URI breakfast lecture explores how the Earth's crust is formed at the sea floor south of Easter Island
Narragansett, R.I. -- May 4, 2004 -- The mid-ocean ridge is a continuous mountain range with a central valley, located on the ocean floor where two tectonic plates move away from each other allowing molten rock from the Earth's interior to move toward the surface.
The public is invited to attend a lecture on "Earth's Structure Viewed through 'Tectonic Windows': 5 Million Years of Oceanic Rifting South of Easter Island" on Tuesday, May 11, at 9 a.m. in the Coastal Institute Auditorium on the URI Bay Campus in Narragansett. The lecture is part of a series featuring the research of URI Graduate School of Oceanography (GSO) students. The speaker will be geological oceanography Ph.D. candidate Christopher Popham.
Popham's lecture will focus on a recent scientific expedition he participated in to the mid-ocean ridge system south of Easter Island. He will provide an overview of the system and how scientists think ocean crust is formed. He will describe the expedition's research area, including what it is, where it is, and what the scientific team knew before the cruise that sparked the investigation. He will also review the expeditionís instrumentation, including background on Ocean Mapping with both Sidescan and Multibeam sonars.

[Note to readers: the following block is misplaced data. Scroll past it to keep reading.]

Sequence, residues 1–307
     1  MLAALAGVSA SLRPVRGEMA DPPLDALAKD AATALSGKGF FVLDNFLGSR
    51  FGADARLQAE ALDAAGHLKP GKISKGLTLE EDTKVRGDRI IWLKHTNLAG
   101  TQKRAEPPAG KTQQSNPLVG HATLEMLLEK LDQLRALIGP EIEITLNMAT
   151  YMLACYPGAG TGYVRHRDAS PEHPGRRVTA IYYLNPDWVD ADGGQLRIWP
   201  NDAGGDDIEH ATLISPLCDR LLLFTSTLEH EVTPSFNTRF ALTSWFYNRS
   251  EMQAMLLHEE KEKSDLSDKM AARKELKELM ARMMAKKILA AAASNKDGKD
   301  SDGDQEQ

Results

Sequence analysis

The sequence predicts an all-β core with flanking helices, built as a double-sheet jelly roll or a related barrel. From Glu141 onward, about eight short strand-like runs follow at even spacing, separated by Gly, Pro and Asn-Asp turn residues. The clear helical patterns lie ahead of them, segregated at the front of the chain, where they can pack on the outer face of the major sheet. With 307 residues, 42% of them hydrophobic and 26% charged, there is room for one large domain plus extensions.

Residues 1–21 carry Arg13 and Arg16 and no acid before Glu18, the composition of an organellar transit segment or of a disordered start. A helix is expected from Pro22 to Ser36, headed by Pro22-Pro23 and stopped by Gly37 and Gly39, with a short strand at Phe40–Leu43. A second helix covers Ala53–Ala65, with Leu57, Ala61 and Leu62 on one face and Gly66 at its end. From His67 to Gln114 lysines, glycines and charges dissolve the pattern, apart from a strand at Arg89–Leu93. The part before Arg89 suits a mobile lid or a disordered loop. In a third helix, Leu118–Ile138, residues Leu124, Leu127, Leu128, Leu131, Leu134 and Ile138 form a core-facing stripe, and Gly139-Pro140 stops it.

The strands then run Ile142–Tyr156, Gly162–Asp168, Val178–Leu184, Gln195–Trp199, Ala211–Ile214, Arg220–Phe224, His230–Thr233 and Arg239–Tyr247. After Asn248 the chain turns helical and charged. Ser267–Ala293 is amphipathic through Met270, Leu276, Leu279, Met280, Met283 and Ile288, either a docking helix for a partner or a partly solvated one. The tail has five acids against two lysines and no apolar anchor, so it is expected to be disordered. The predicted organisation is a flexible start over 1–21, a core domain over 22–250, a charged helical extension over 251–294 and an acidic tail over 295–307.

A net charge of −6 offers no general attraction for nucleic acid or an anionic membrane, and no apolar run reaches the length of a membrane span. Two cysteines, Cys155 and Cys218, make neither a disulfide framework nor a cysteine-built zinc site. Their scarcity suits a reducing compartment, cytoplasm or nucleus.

The lecture will be fully illustrated and include 3-D perspective views of the sea floor. In addition, Popham will include pictures from Easter Island and the big stone heads the island is famous for.
Currently living in Jamestown, Popham grew up in Homer, Alaska. He received his B.S. in geology from Oregon State University. Under the guidance of major professors Roger Larson and Rob Pockalny, he studies formation and mangulation of ocean crust at and near mid-ocean ridges.
The lecture is free and open to the public. Coffee and muffins will be served. For more information, call Friends of Oceanography at (401) 874-6642.
Friends of Oceanography is a community-based membership organization established in 1986 to support the educational and public programs of the URI Graduate School of Oceanography.
Friends provides financial support of fellowships for GSO students, and other research, education, and outreach activities. The organization also helps sponsor a variety of special events such as oceanography lecture series, open houses at the Bay Campus, The JASON Project, and the National Ocean Sciences Bowl.